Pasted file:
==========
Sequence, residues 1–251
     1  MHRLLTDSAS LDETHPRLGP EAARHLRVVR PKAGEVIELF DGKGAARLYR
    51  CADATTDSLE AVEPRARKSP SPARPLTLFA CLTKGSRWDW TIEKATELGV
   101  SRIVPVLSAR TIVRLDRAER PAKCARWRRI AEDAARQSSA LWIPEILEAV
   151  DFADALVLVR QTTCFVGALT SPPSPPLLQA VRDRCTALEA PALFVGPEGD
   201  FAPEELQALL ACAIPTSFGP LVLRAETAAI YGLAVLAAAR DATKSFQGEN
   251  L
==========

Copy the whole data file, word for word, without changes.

Sequence, residues 1–251
     1  MHRLLTDSAS LDETHPRLGP EAARHLRVVR PKAGEVIELF DGKGAARLYR
    51  CADATTDSLE AVEPRARKSP SPARPLTLFA CLTKGSRWDW TIEKATELGV
   101  SRIVPVLSAR TIVRLDRAER PAKCARWRRI AEDAARQSSA LWIPEILEAV
   151  DFADALVLVR QTTCFVGALT SPPSPPLLQA VRDRCTALEA PALFVGPEGD
   201  FAPEELQALL ACAIPTSFGP LVLRAETAAI YGLAVLAAAR DATKSFQGEN
   251  L